Commentary: Is the Endangered Species Act facing extinction?

Before we overhaul the Endangered Species Act, we should better understand what it means to deliberately allow a species to go extinct.

James Poulson/Daily Sitka Sentinel/AP/File
A humpback whale dives near Starrigavan estuary in Sitka, Alaska, in 2012.

Republicans in Washington are rolling back environmental regulations for the sake of improving business. Similar actions, like those to “modernize” the Endangered Species Act, are likewise couched in terms of improving the business climate in the United States. What these efforts seem to miss is that Earth’s life-support system, including all of the species – plants and animals – that make up the ecosystems in which we live, provides us food, medicine, clean water, clean air and shelter. We should think of them as gifts of life rather than impediments to our lifestyle.

In the US, the Endangered Species Act (ESA), signed by President Richard Nixon in 1973, is our nation’s most powerful legislation to protect life on Earth. The Act reflects societies’ rightful intention to share the planet with the millions of other nonhuman species. We rely on this biodiversity of species, underscoring the importance of the ESA for human wellbeing.

But Washington today is markedly anti-regulation, and now the ESA is in its sights.

Several recent proposals and actions have surfaced with ways to “strengthen" and "modernize” the management of the ESA. In the Senate, John Barrasso (R) of Wyoming and the Senate Committee on Environment and Public Works have led the way. Late last month, the House Natural Resources Subcommittee on Oversight and Investigations held a hearing in its first effort to limit the Endangered Species Act.

Opponents argue that the ESA is ineffective in recovering endangered species – a legitimate criticism given that recovery plans are severely underfunded. It is remarkable that extinction has been avoided for 99 percent of listed species. It turns out, however, that recovering species from the brink of extinction is a lot harder (and more expensive) than we thought.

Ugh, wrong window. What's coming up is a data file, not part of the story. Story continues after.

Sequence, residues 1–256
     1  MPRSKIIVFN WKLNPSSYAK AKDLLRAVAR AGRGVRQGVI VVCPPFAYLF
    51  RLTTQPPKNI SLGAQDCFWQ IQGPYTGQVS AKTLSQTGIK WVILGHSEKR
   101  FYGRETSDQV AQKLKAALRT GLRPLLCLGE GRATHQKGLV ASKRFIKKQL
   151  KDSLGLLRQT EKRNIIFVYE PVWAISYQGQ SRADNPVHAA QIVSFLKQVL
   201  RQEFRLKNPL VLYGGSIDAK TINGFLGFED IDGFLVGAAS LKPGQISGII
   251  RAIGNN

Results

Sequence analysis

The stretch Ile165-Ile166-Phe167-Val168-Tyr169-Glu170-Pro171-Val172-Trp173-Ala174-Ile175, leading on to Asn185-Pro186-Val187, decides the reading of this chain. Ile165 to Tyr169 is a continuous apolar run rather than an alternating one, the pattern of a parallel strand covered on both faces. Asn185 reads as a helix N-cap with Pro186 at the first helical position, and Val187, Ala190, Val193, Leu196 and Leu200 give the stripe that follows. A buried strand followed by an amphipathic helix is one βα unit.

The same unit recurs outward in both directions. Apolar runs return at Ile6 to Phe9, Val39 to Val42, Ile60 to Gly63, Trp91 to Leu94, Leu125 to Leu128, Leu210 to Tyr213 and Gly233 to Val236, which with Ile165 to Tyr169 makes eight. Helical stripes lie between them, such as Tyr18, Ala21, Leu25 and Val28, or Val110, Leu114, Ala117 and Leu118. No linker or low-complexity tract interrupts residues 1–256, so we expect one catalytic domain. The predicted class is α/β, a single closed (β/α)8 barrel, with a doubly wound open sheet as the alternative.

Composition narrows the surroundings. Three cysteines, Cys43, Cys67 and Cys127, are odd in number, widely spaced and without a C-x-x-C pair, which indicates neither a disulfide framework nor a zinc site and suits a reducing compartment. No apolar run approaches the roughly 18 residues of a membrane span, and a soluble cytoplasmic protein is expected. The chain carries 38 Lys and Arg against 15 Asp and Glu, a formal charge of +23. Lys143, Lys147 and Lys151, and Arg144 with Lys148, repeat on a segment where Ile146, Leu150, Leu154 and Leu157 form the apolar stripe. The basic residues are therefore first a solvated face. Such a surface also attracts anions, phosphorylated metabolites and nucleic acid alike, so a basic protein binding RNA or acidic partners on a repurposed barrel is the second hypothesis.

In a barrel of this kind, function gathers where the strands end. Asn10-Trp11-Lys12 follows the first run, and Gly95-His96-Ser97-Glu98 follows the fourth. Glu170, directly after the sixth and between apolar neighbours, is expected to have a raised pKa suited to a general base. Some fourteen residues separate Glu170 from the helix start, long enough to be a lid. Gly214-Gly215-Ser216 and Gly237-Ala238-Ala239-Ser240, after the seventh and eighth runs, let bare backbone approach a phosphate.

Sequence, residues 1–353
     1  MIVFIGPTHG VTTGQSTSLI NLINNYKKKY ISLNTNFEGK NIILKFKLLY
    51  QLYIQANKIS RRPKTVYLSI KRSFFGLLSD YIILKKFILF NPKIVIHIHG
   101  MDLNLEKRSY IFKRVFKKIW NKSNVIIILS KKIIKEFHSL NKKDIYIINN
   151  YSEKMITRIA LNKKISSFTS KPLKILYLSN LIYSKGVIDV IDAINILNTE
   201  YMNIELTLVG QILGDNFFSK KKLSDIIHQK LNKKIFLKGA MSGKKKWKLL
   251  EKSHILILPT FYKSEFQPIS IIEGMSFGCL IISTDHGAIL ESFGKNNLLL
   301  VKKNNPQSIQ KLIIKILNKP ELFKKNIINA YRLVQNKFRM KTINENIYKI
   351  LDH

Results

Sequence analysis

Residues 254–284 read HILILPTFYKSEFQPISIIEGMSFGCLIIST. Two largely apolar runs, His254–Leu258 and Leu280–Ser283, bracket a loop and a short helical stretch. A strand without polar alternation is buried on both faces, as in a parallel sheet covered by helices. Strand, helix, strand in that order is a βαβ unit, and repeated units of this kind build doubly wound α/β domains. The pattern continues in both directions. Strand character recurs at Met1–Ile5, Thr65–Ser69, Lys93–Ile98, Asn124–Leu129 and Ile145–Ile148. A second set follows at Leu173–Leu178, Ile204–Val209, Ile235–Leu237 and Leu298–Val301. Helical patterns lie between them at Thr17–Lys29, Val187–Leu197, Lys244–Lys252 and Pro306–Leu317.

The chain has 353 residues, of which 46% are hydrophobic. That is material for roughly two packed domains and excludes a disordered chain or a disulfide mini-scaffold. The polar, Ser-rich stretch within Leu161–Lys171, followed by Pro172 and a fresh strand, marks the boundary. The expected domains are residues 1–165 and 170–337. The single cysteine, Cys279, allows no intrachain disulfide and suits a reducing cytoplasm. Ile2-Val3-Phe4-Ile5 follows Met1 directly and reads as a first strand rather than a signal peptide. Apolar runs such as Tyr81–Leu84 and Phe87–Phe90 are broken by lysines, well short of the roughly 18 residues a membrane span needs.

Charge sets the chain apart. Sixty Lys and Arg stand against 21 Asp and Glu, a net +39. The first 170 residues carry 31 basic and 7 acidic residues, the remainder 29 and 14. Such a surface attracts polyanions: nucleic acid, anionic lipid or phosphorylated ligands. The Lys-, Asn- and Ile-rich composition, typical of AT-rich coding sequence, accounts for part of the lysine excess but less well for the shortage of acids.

Many of the suggested changes to the ESA will mean deliberate extinction. Examples include: Imposing a cap on how many species can be protected or requiring that one species be removed from the list every time another is added; limiting applications for protections to one species at a time; and giving states more discretion in deciding what to protect. These proposed changes will result in limiting or invalidating the ESA.

As a society it is our prerogative to support legislative changes that resonate with our value system. While the ESA has been criticized for limiting economic development, we have not fully considered the societal repercussions of deliberately allowing extinction and altering the land.

Biodiversity is important to us and our planet. Like art, biological diversity enriches life on Earth and provides enduring benefits for future generations. Deliberate extinction is an irreversible choice and it has long-term impacts on us, our children, our grandchildren and all future generations. It makes us ask: Which pieces of art does society value and save? Which national parks do we protect? Which species do we save?

We (scientists and society) now have an opportunity to develop a strategy to improve the ESA. But we need to work together to provide a scientific and societal framework that will keep intact, even strengthen, the essence of the ESA.

When President Nixon challenged Congress to draft the ESA, he spoke of an “environmental awakening” and a “revolution in values” in our commitment to conservation, arguing that protection of wildlife should be a bipartisan issue. It is now incumbent on society to articulate a transparent approach to deciding which species to protect and which to let go. For those species that we deem worthy of protection, we must promote their recovery and be willing to pay for it. For the losing species, we need to prepare for the consequences of their disappearance from Earth.

Leah Gerber is a professor and Founding Director of the Center for Biodiversity Outcomes at Arizona State University.

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